“To ceremoniously close this four-month long noise project, we’re challenging you to let go of your inhibitions and make some noise. Follow these instructions: pick a public place, any place. When the time is right, take the opportunity to make some noise. You can scream at the top of your lungs; make a public installation; start an impromptu performance. You can do whatever you want to do, but do it with conviction. Make a lasting impression. Make it count. Make it worthwhile. You have one week to make some NOISE of your own.”
And here is my result – twenty minutes of clatter and chat documenting a Sunday morning spent typing in a park. With an actual typewriter you understand, from the old days. One that makes a hell of a racket every time you press a key.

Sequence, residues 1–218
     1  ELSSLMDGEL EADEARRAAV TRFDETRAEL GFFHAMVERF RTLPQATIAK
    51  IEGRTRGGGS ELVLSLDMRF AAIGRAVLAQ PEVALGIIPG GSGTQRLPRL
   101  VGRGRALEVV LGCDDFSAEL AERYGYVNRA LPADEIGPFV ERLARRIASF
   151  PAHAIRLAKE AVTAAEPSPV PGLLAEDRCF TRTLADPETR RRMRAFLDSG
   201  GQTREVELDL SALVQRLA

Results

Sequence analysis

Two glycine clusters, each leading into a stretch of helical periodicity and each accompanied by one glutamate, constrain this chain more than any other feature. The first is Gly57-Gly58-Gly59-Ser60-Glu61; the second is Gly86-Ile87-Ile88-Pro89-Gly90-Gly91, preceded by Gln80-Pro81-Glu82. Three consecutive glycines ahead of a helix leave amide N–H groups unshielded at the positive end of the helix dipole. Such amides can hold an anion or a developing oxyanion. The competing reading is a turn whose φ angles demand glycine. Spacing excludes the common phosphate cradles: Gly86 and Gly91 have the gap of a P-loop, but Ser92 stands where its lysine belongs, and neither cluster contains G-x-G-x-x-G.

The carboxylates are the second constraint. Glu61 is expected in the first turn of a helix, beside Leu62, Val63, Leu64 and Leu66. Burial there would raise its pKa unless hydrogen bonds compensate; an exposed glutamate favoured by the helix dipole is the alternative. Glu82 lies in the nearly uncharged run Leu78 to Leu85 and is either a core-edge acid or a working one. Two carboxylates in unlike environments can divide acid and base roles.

As I said, it’s twenty minutes long, so maybe it’s only for the hardcore. But it features an extended riff on the keyboard’s lack of exclamation mark, along with an exciting dog incident.
So put down your touch screens and your tablets; hold fast your gestures and your swipes. It’s time to get physical with an inky ribbon and some purple-tinged, punched-out prose…
I enlisted the help of my partner, Davy for this challenge. We rolled small, plastic balls down some of the steep Lanes in Lerwick. Noisy! Erratic! I didn’t always manage to catch them at the bottom. They shot into Commercial Street. I gave chase. People were bemused. Great fun. Great end to the project.
I have choreographed a performance that in its final form, achieved equilibrium.